the CLASS level; until then we're together.   
FAMILY: Sciuridae (it is a squirrel)
SUBFAMILY: Xerinae (it is a ground squirrel)
GENUS: Marmota (it is a marmot)
SUBGENUS: Petromarmota (it is a marmot that lives in 
                  rocky areas)
SPECIES: Marmot flaviventris

If there are subspecies, they go there at the bottom.  But yes, if you want to know what a given organism is most closely related to, CONSULT YOUR TAXONOMY!  For fish we have the venerable FishBase as a resource for this.  

Taxonomy lets you do things like find out that the langostino lobster in Long John Silver's "Lobster Bites" are not actually lobster, but a "squat lobster".  Which look are related to porcelain crabs and hermit crabs, which are also not actually true crabs. ... ...awkward.  Does it make them any less tasty?  No, but they're still not lobsters.

Same with the obligatory market labeling of certain types of catfish as "tra" or "basa" courtesy the shining paragon of science and rationality that is Senator Trent Lott; I am embarrassed to have his state border my own, but it's not like Louisianan politicians aren't embarrassing me/themselves/the entire state on their own.  This was done in an effort to appease U.S. catfish farmers who felt that they were being undercut.  

I have personally seen websites and store displays describe basa and tra as "similar to catfish".  This is dead wrong, because BASA AND TRA ARE CATFISH.  Yes, they belong to the Pangasiidae family of catfish, whereas the catfish native to North America are from the Ictaluridae family.  This does not make them "not catfish", however; ALL fish that belong to order Siluriformes.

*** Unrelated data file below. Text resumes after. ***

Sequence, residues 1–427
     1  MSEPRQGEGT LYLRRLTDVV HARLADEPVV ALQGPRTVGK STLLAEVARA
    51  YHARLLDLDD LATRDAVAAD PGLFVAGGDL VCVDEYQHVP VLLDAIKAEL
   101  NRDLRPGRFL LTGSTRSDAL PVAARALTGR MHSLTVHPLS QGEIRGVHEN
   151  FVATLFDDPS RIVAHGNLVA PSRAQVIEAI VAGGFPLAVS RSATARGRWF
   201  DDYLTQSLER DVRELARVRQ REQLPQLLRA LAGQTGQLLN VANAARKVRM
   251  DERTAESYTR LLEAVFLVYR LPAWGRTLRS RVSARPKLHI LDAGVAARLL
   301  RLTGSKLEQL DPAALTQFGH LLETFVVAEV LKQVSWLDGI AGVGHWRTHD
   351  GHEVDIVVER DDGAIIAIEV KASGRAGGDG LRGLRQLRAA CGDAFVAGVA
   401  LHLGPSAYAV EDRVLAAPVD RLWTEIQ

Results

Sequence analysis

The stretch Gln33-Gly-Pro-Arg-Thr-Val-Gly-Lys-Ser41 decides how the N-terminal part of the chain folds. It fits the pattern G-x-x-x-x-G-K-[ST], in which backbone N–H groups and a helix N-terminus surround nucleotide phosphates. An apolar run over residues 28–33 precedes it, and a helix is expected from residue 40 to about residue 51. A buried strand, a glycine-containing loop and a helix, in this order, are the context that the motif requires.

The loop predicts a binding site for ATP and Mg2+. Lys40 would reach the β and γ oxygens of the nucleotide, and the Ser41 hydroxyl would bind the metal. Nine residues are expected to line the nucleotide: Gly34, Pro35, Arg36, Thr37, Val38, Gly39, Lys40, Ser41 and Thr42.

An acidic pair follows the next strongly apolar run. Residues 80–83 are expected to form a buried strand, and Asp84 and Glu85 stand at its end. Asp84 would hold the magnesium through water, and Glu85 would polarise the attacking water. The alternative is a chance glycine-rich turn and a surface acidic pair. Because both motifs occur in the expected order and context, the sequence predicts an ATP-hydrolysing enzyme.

Chum (aka keta or dog) salmon with some dude.  You may see these guys marketed under the name "silverbrite" because nothing says "tasty fish" like something that sounds like it's silverware cleaning product.  Especially since the fish is very clearly silver.
I will stop now, because I could go on for days about my anger regarding the "market" names of fish and nobody wants that (yet).

Actually, this brings up something else that I'm sure all of you know, but I'm going to throw it out there.  Whenever there are pictures circulating on the Internet (possibly forwards from your great-aunt) of various creatures, don't necessarily believe the caption.  Examples include deep-sea creatures allegedly washed up by the Indian Ocean tsunami of 2004 (HINT: Tsunami do not work that way) and well, plenty of others.  

One my mother asked me about described an animal in a picture as a "giant catfish" when it was actually a juvenile whale shark (READ: catfish do not look like whale sharks and whale sharks are very distinctive).

E-mail forwards are not necessarily known for their standards to accuracy so I would suggest applying a healthy degree of skepticism and seeking further information from reliable sources whenever one receives such things.

*=Yes, I am aware that the biological taxonomy hierarchy is changing/the one I've provided may not be 100% correct at this moment in time.  However, I figure that this breakdown would be the most useful while avoiding splitting hairs about microbiology/clades/etc.